In a piece published in The Conversation about Amazon’s decision to pull out of plans to establish a headquarters in New York City, IRIS Executive Director Jason Owen-Smith considered the risk that universities face when they rush to serve the needs of a particular business. “If corporate deals come at the cost of broader research and teaching portfolios, universities put their stability, credibility and the expertise they need in other fields on the line,” Owen-Smith wrote. This op ed was later picked up by other outlets including Salon, The San Francisco Chronicle, and Times Higher Education, and in March, Professor Owen-Smith was featured in a ten-minute spot on Michigan Radio’s Stateside program. (The full conversation can be heard here.) Owen-Smith says in the radio interview that the Amazon case and other similar instances point to some of the dangers of linking university research and teaching portfolios “too closely in too small a number of fields based on the needs of a particular business or industry,” but is also careful to point out that he is not arguing that there shouldn’t be such partnerships with businesses, which can be an important part of a university’s mission. Rather, “universities benefit from stability, and when they wed themselves to the business cycle very tightly that makes things harder,” especially in a climate of already stretched budgets, distrust in higher education, and disinvestment in public universities.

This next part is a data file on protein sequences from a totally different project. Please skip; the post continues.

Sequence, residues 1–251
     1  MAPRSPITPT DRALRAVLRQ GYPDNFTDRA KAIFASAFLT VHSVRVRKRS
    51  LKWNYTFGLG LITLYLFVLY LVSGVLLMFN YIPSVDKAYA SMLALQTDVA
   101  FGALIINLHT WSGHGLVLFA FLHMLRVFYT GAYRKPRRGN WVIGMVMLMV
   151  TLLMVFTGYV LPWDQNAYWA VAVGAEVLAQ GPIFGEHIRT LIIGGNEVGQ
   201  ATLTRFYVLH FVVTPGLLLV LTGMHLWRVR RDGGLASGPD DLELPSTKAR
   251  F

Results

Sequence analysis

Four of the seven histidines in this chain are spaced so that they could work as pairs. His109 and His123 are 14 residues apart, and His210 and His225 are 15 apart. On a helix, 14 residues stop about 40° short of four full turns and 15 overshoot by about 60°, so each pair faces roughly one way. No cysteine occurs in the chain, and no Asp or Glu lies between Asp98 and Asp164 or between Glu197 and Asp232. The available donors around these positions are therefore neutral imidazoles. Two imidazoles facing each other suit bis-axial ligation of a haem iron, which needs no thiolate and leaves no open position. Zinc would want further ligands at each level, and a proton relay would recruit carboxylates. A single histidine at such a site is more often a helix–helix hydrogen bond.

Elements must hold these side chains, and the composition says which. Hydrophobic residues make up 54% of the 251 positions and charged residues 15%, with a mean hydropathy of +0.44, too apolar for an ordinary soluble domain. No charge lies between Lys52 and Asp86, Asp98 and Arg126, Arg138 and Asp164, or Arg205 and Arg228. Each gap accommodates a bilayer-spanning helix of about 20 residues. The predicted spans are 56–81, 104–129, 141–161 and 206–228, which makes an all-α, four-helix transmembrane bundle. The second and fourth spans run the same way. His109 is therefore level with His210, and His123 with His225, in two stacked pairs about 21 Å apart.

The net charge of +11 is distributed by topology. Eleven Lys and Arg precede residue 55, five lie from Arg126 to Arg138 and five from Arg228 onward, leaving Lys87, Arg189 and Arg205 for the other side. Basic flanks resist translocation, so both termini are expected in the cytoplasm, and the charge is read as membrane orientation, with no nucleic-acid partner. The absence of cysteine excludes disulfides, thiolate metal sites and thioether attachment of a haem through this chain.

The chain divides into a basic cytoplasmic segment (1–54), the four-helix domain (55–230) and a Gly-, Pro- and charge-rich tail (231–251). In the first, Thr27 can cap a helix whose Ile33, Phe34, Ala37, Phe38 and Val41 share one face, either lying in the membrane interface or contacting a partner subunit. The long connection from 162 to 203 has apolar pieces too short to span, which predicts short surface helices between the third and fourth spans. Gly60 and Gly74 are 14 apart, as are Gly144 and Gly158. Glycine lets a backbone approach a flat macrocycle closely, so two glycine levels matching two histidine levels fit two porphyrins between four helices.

Universities as anchors

Professor Owen-Smith’s recent book, “Research Universities and the Public Good: Discovery for an Uncertain Future,” offers the metaphor of universities as important “anchors” in their regional economies, arguing that as “anchor tenants,” universities act as a stable central point in their regions and their environments around which economic and other social activity happens. However, as he points out in relation to the Amazon pull out and similar cases, “those things are endangered when campuses yoke themselves to the current needs of particular companies and industries whose situations and needs can change quickly.” The real power of the university, Owen-Smith argues, “lies in creating opportunities we don’t currently know exist and in addressing challenges we do not yet know we face.” When considering why we invest in universities, it is important to not only consider short term goals, such as helping every student get the job they want, but also to think about the public value of the unique social infrastructure that universities create, from “the diversity of the types of knowledge work a university does, to its stability, to its ability to connect to lots of different parts of society.”

Join the conversation

Jason Owen-Smith will be hosting additional webinars and events to continue discussion of the role of universities in society, and we invite you to contact IRIS to learn more about how IRIS data and reporting provide a unique view on a university’s role as an anchor, source, and hub for local and national economies.